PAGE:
. . . as the principal retaliatory response to the terror attacks of 9/11, [the Afghan War] has failed. It hasn’t brought liberty, democracy or stability. It has killed untold thousands of civilians: untold because they are regarded as expendable. And not only has it not captured the perpetrators of the terror attack, there are far more acts of terrorism globally today than there were in 2001, in no small part because of the chaos wrought by the war on terror.

To really engage with what has gone wrong with the war in Afghanistan, Younge says,

would demand a sharp reckoning with why so many thought it would was right to begin with. The country would have to interrogate its militaristic reflexes and proclivities, and face the fact that while there were few good or certain options after 9/11 (ranging from the diplomatic to containment) this was one of the worst—and the others were never seriously considered.

The United States has never seriously examined why the nation was attacked by al Qaeda. The grievances of Osama bin Laden have been blocked from view—for example, by the direct intervention with network news outlets by former national security advisor Condoleezza Rice in 2001. We have been told that the atrocities of September 11 were launched because “they hate our freedoms,” among other simplistic explanations and warnings that helped set the groundwork for a follow-on invasion of Iraq.

Among other things, bin Laden was outraged by the presence of U.S. military forces in Saudi Arabia, his native land but more importantly the site of the holy cities of Mecca and Medina; by U.S. support of Israel and indifference to the suffering of the Palestinians; and by the West’s (mainly America’s) getting for cheap the oil wealth of the Muslim lands—again, mainly from Saudi Arabia. (Bin Laden’s aims are explained in some detail in Through Our Enemies’ Eyes: Osama bin Laden, Radical Islam, and the Future of America [2002] by Michael Scheuer, former head of the CIA’s bin Laden unit.) To be sure, the royal family of Saudi Arabia benefits from the arrangements as well (though most U.S. troops have been removed), but these are among bin Laden’s objectives that get little airing in the American media. We obviously do not condone the hyper-violent means that al Qaeda (“the base”) has taken to avenge these conditions, but what bin Laden has articulated are legitimate political grievances. Ignoring the widespread sense of injustice in the Arab and Muslim world only increases the likelihood of further radicalization and retribution. Especially after the revolution in Egypt, you can believe the Saudi royal family is nervous. “Uneasy lies the head that wears a crown.”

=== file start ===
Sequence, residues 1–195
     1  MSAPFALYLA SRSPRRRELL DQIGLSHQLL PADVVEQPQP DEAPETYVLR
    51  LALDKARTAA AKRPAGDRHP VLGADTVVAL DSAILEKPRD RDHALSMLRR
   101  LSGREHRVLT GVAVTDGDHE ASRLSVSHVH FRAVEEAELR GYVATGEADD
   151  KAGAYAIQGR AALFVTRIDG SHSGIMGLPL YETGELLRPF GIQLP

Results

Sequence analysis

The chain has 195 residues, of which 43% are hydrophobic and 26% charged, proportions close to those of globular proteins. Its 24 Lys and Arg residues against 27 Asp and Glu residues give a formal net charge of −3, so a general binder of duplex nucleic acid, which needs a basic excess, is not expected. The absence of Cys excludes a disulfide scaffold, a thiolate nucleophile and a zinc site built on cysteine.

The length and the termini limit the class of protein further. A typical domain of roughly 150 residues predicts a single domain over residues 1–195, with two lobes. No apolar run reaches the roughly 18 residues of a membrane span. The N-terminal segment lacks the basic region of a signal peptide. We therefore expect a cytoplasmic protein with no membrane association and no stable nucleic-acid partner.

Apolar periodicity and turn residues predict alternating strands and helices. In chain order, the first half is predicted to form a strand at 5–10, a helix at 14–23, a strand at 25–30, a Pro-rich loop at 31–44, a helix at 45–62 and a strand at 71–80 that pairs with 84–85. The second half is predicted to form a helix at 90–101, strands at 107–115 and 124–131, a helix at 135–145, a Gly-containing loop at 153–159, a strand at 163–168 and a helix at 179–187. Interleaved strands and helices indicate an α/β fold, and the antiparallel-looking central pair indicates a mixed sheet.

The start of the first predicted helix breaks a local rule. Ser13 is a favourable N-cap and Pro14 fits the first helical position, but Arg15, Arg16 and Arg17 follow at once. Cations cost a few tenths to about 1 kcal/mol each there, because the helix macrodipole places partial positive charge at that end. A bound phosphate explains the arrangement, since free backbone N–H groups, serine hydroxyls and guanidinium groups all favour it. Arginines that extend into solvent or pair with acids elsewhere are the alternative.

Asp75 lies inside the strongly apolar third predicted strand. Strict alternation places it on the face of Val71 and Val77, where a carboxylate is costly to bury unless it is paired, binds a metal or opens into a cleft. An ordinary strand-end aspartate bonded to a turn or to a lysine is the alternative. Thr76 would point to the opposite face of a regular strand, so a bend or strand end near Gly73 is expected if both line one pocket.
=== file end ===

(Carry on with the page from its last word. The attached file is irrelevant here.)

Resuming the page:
Tax Day: How Much Have You Paid for the War?

Thursday, April 15th, 2010

Most likely you’ve paid $7,334 of the $1.05 trillion that has gone to the Afghan and Iraq wars since 2001. Here is Tom Englehardt’s compelling introduction at TomDispatch.com to a piece (below the jump) by Jo Comerford, executive director of the National Priorities Project, with data supplied by the NPP’s CostofWar.com:

If you’re an average American taxpayer, the wars in Iraq and Afghanistan have, since 2001, cost you personally $7,334, according to the “cost of war” counter created by the National Priorities Project (NPP). They have cost all Americans collectively more than $980,000,000,000. As a country, we’ll pass the trillion dollar mark soon. These are staggering figures and, despite the $72.3 billion that Congress has already ponied up for the Afghan War in 2010 ($136.8 billion if you add in Iraq), the administration is about to go back to Congress for more than $35 billion in outside-the-budget supplemental funds to cover the president’s military and civilian Afghan surges. When that passes, as it surely will, the cumulative cost of the Afghan War alone will hit $300 billion, and we’ll be heading for two trillion-dollar wars.

In the meantime, just so you know, that $300 billion, according to the NPP, could have paid for healthcare for 131,780,734 American children for a year, or for 53,872,201 students to receive Pell Grants of $5,550, or for the salaries and benefits of 4,911,552 elementary school teachers for that same year.

April 15th is almost upon us, and Jo Comerford, TomDispatch regular as well as the NPP’s executive director, decided to take a look at one restive American community under the gun (so to speak) as tax day rolls around again. Our wars seem—and are—so far away, so divorced from American lives. If someone you know well hasn’t been wounded or killed in one of them, it can be hard to grasp just how they are also wounding this society. Here’s one way. (Check out as well Timothy MacBain’s latest TomCast audio interview in which Comerford discusses military spending and the federal budget by clicking here or, if you prefer to download it to your iPod, here.) —Tom

[H/T to Dan Froomkin @ HuffPo ]